|Most Progressive Road Bike Frame Designer Over the past 5 yr||TSuprano|
Mar 6, 2003 4:11 PM
|I am curious to hear some arguments among the board as to which company has done more for the road bicycle frame design over the past five years over all others.|
|I've heard a lot of people give that very title to...||Matno|
Mar 6, 2003 4:30 PM
|Cannondale. And for good reason in my opinion. They have amazing frames that have continually gotten better over the last few years. Maybe not the absolute best frames out there, but certainly the king of aluminum design.|
|I've heard a lot of people give that very title to...||russw19|
Mar 6, 2003 4:34 PM
|Pinarello... One word - Prince
One more word - Dogma
OK, OK, one more - Opera
Russ <- another one word!
|I've heard a lot of people give that very title to...||ParticleMan|
Mar 7, 2003 5:32 PM
PRINCE - First to mate carbon stay to alunminium, now imitated by everyone.
DOGMA - Magnesium
PRINCE SL - ONDA Forks, stays
OPERA - New era steel
Galileo - A mid level Pro quality bike, ridden in the Tour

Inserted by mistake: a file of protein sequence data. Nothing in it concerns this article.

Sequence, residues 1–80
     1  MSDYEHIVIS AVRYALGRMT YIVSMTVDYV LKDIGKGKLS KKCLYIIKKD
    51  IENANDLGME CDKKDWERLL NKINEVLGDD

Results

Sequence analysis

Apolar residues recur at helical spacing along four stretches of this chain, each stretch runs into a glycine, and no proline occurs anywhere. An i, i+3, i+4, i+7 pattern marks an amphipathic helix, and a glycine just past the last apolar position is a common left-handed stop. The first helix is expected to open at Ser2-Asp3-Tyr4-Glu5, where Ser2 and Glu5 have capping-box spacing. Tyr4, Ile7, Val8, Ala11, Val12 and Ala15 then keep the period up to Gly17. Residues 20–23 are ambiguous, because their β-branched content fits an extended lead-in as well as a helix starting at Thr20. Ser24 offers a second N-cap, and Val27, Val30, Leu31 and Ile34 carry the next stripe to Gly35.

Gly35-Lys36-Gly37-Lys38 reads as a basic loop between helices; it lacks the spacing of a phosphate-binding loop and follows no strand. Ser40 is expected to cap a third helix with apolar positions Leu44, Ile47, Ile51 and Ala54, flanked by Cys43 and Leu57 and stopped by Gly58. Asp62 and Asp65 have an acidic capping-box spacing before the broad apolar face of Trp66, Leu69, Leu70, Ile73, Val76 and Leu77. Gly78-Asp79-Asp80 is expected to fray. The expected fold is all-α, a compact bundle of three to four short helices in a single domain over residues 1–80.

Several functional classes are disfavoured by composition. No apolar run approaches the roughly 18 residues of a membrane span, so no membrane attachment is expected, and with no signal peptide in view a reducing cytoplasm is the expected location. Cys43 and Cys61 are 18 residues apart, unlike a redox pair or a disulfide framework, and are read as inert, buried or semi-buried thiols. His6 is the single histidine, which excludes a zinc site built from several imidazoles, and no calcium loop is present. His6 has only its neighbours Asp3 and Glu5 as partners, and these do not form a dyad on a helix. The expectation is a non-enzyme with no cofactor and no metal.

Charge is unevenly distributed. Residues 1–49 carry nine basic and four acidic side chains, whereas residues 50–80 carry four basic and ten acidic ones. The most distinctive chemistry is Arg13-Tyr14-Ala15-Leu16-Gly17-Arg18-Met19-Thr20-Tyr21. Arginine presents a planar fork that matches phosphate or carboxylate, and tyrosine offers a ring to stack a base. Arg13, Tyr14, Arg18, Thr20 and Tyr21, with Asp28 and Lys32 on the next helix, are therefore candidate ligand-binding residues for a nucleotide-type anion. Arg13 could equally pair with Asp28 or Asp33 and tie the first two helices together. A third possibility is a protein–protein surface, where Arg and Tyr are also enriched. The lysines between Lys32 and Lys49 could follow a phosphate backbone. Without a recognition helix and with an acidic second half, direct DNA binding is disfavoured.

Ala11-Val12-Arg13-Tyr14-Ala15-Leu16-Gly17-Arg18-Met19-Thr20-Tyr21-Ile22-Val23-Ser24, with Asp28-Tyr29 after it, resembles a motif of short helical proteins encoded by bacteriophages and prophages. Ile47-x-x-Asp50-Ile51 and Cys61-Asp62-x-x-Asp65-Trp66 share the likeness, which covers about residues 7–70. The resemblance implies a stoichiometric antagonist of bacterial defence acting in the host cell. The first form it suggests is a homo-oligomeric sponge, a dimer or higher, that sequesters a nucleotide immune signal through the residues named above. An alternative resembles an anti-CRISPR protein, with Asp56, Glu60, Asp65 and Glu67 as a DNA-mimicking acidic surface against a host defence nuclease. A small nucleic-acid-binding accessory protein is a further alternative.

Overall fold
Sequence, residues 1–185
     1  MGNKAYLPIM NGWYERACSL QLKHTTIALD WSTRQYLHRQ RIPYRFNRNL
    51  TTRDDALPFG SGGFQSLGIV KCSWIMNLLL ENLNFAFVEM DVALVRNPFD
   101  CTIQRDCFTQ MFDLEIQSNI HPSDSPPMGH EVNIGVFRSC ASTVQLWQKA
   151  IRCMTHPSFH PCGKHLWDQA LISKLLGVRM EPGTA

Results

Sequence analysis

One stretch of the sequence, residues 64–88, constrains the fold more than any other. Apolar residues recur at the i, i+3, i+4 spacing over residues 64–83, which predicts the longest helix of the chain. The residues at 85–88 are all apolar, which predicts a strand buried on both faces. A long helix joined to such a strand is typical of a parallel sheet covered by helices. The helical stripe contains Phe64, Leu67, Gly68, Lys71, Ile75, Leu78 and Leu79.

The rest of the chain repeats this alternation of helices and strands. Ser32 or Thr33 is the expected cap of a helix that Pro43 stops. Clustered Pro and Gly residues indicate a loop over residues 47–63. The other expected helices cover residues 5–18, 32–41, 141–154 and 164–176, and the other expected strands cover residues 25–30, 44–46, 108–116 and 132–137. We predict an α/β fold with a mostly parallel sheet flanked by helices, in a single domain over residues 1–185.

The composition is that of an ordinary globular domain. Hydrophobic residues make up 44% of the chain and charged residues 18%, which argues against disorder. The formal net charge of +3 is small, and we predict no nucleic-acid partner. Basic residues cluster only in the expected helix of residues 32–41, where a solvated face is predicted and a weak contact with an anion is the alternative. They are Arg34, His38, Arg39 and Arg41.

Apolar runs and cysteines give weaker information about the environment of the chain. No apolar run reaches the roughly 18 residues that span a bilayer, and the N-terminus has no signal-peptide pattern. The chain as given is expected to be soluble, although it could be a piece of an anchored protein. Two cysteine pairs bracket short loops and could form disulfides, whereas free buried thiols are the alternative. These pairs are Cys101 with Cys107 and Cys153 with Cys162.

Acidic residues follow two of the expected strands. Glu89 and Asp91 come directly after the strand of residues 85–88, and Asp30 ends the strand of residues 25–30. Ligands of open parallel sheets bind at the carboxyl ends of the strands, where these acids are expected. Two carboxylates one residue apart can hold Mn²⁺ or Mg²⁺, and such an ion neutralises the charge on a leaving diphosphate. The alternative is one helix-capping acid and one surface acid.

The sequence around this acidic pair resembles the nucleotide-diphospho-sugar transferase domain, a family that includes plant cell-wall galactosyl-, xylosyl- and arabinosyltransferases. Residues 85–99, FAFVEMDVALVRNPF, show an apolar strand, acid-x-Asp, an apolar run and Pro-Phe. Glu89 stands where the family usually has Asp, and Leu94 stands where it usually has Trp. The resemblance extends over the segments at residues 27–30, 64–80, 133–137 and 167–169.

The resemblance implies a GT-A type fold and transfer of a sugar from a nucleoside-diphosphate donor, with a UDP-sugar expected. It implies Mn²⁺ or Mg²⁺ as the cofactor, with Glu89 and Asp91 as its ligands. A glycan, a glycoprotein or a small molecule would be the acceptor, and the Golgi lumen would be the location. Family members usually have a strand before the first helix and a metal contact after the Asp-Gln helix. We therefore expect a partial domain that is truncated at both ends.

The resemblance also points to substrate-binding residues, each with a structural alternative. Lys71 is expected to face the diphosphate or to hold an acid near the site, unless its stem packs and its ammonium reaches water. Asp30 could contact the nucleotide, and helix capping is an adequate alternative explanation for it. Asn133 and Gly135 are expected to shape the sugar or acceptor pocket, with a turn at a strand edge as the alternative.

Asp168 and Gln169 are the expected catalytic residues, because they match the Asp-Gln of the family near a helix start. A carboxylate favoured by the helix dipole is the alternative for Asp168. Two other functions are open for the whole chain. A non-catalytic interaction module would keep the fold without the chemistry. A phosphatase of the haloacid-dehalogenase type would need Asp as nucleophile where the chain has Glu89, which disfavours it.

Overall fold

MONTELLO - Ultimate Time Trial Bike
No one else comes clsoe for the last5 years, imo.
Have a good ride!
|I'll go out on that limb with you...||biknben|
Mar 7, 2003 5:37 AM
|IMO, C'dale has created the perfect racing frame. They also make continuous improvements. They are the driver in the aluminum market.
In the industry, it's Easton this, Columbus that, Dedaccai (sp?) here, something else there. I give C'dale credit for marching to the beat of a different drummer.
It's a challenge to come up with a more race-worhty, Al frame for the price.
|Cervelo would have to be up there, however||DougSloan|
Mar 6, 2003 4:48 PM
|The UCI has nearly put a halt to any innovation. If not for its rules, we'd probably be riding 1.5 pound aero kevlar frames now.
|I must agree. Cervelo has blazed a new path. -nm||Tig|
Mar 6, 2003 5:09 PM
|How about Mike Burroughs?||sn69|
Mar 6, 2003 5:41 PM
|I might be wrong here, but didn't he really help start the compact road geometry craze around 97 after UCI canned his carbon monocoque work for Giant?|
Mar 6, 2003 6:19 PM
|The TCR is the ultimate affordable anti-snob go fast bike (with TDF cred), and they made the compact frame popular.|
|As long as it fits||tarwheel|
Mar 7, 2003 6:43 AM
|Building frames in only 3 sizes (S,M, L) is a brilliant way to cut costs, and lousy for consumers. A Giant frame may be fine if you are one of the lucky ones who can get a good fit, but their sizing scares me because other manufacturers might start following suit. Trek, LeMond, Litespeed and other US manufacturers already skimp by offering frame in 2 cm increments. I just hope European manufacturers don't start follow their lead.|
|As long as it fits||Live Steam|
Mar 7, 2003 8:08 AM